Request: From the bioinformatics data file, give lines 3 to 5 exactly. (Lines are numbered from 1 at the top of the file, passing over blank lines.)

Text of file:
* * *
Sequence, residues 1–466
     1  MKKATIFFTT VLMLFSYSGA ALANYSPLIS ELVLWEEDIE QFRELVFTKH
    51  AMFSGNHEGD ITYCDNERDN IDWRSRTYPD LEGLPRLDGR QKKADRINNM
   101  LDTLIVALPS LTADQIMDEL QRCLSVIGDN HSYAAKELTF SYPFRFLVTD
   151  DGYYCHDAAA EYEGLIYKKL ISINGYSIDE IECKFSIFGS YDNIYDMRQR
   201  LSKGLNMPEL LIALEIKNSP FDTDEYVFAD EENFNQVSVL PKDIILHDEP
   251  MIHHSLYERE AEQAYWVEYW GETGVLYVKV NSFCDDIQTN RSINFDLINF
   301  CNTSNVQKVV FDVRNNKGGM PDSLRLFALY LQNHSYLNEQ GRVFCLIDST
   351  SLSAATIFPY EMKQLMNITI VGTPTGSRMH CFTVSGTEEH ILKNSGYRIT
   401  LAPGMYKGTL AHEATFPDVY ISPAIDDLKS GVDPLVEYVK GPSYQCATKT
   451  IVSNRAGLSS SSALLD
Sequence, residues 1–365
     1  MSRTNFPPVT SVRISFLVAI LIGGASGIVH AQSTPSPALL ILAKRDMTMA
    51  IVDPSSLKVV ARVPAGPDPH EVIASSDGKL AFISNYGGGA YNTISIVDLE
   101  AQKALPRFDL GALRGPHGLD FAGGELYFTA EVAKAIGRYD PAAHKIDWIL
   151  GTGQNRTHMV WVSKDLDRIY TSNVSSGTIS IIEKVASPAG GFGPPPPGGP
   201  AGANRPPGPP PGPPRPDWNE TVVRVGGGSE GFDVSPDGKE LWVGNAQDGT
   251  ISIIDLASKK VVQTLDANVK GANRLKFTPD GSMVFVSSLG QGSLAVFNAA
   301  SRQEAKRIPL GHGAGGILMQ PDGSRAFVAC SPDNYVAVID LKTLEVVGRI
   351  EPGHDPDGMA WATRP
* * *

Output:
    51  AMFSGNHEGD ITYCDNERDN IDWRSRTYPD LEGLPRLDGR QKKADRINNM
   101  LDTLIVALPS LTADQIMDEL QRCLSVIGDN HSYAAKELTF SYPFRFLVTD
   151  DGYYCHDAAA EYEGLIYKKL ISINGYSIDE IECKFSIFGS YDNIYDMRQR